We arrived in Otavalo about 24 hours after leaving Bogota. The city is incredibly colourful with an enormous market. We spent the next day exploring before making our way to Quito. From Quito, it was of to Chimborazo, our final destination (for the time being). We were told that the best place to get off the bus was San Pablo. The conductor told us that he would help tell us where to get off.

So here we are. On the side of the road in rural Ecuador with only our bags and dumb looks on our faces. No town in sight. Nothing. We decide that the best thing to do is walk up to a farm house and ask directions. We make our way to the closest one. As we approach it, we realize that it is actually a little hostel-hotel. We ask the man in the reception area for our location. It turns out we are no where near San Pablo. He tells us that we are about 15 kilometers outside of a major city in Chimborazo, Riobamba. We re-fuel on some rice and chicken (the appetizer was soup with a bowl of popcorn that you are supposed to put in the idea). After that we take our only option. Hitch it into Riobamba. We end up catching a small bus filled with indigenous people and their crops.

Once in Riobamba, we make some calls to try to find our contact. Our luck changes and we discover that he is in Riobamba, although no-one knows exactly where. We are assured that if we wait on this certain street corner that he will come and meet us. 1 hour later and after a torrential down-pour, we finally meet Antonio Inga. He is much younger than we expected. His spanish is very easy to understand as he speaks slowly and with confidence. We load all of our things into the back of a truck and head for the pace where we will spend the next month or so.

We drive for about 45 minutes, until we are in back in the rolling Andean mountains. We climb higher and higher. At this point it becomes apparent that the area to which we are heading has lost power. We have no idea where we are and can´t see anything. Antonio turns down a dirt road with a sign welcoming us to Casa Condor. Antonio starts honking to inform the care-takers that we have arrived. The headlights catch something off to the right. Antonio turns the truck to shed some light on what ever it is that we have seen. Directly in our headlights is a small Quichua woman fighting to gain control of a lamb that has apparently broken its pen. She is completing this effort in abject darkness but seems to be faring quite well. She finishes what see is doing and leads us to our room. She lights candles in every room and starts to boil some water. She gives us some tea bags to add to our cups. In the candle light, I see that the bag says Coca Mate. “Huh, my first taste of Coca tea.” It really wasn't that bad ... after two spoon fulls of sugar. This tea was intended to help us deal with altitude sickness. We find ourselves quite short of breath. Not too surprising as we have now ascended to 3840 meters above sea level.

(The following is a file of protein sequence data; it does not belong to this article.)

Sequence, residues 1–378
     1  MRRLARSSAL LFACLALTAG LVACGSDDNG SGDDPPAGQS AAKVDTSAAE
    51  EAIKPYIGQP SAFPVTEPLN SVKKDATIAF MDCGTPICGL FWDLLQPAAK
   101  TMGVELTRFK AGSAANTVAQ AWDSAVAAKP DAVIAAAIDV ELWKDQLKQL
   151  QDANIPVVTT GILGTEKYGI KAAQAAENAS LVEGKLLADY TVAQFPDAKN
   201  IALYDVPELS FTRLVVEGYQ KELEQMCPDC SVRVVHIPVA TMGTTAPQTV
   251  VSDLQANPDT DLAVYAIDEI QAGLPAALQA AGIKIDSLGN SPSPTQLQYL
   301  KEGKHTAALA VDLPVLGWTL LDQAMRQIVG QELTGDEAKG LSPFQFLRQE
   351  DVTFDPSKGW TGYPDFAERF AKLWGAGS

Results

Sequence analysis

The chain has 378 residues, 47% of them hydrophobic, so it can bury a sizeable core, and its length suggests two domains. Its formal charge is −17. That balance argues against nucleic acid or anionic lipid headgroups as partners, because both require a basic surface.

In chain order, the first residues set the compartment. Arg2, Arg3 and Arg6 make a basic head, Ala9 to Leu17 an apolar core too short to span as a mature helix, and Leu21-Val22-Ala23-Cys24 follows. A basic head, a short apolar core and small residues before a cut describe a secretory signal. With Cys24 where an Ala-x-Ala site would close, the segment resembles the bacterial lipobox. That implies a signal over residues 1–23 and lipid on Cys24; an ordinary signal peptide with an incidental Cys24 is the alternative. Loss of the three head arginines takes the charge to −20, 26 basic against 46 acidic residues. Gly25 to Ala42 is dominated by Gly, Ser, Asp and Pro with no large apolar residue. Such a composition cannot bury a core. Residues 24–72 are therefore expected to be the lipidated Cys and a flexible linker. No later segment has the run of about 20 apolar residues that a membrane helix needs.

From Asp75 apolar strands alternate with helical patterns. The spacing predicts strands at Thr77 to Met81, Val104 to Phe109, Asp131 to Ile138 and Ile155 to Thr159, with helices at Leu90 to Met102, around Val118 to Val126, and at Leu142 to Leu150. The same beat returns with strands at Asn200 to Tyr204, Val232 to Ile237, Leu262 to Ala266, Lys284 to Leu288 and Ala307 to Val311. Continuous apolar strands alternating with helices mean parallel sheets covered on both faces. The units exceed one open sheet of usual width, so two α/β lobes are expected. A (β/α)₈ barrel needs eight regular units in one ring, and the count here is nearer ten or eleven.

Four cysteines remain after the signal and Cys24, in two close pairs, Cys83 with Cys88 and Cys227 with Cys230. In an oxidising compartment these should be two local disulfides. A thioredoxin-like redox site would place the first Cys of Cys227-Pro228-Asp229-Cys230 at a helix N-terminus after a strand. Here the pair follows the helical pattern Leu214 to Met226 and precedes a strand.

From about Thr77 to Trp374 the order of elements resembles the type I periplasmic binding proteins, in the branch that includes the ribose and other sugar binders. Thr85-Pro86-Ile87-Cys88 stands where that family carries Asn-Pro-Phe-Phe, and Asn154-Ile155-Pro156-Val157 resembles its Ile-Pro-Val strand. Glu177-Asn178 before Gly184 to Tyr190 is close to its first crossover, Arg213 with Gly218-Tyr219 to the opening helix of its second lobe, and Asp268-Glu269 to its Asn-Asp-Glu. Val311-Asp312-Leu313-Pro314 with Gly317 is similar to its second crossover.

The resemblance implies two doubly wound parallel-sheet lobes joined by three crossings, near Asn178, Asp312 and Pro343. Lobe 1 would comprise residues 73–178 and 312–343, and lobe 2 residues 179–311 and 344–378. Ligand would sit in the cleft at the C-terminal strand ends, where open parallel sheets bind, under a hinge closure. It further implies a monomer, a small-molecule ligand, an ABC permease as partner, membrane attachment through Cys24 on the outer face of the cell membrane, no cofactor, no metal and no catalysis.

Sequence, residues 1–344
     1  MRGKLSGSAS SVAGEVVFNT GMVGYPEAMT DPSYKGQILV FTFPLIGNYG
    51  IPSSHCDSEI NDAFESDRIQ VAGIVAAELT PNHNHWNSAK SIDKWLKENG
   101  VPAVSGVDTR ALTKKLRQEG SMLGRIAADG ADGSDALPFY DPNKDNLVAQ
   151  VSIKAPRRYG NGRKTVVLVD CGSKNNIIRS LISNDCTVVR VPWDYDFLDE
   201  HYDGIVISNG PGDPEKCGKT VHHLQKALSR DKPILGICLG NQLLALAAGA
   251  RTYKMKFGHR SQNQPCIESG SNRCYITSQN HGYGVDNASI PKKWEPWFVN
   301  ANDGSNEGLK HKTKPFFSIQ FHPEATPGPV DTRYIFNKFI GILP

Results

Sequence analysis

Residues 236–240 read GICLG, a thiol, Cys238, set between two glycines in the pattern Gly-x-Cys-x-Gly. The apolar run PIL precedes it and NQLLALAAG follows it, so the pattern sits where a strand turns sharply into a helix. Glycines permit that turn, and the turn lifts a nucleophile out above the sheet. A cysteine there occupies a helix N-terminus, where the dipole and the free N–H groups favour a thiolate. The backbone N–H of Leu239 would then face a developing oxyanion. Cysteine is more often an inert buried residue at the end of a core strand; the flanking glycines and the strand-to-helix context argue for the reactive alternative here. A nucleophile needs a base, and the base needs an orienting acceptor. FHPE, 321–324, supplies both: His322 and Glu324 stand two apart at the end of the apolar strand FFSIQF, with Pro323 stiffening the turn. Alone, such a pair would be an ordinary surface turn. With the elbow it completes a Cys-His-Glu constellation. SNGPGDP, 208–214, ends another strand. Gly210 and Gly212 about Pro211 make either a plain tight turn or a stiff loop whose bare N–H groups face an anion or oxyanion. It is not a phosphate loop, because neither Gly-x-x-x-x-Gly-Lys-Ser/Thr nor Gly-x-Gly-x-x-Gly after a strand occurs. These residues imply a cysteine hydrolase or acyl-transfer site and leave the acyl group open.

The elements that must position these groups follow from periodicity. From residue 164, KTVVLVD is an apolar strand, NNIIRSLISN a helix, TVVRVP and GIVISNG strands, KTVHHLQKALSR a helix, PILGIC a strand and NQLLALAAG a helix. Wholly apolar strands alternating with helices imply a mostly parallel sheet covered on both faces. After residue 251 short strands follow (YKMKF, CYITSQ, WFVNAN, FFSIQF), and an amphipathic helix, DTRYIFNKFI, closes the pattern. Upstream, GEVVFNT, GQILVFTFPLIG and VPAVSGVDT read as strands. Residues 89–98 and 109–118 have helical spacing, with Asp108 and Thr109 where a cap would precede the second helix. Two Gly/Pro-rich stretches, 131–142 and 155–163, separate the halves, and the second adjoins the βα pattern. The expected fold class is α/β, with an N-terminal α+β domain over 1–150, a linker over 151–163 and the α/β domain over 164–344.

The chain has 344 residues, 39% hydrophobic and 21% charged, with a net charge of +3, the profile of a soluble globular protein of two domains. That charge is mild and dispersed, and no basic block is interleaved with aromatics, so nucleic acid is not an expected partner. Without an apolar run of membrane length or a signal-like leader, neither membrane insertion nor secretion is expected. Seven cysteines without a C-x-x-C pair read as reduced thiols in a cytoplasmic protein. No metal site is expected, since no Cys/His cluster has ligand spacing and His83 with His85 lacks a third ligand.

We unpack our bags and get ready for sleep.

There is something so satisfying about having such a hard yet successful day and being able to definitively end it by blowing out the last candle.

This morning we awoke to the picture of Chimborazo in all its majesty right on our door step. We are now staying just at the foot of the mountain that can bring you the closest to the sun on earth! Unbelievable.

This morning Antonio took us to the school and introduced us to all of the grades. They were all so excited when they heard that we were going to provide them with soccer equipment.

Monday, February 5, 2007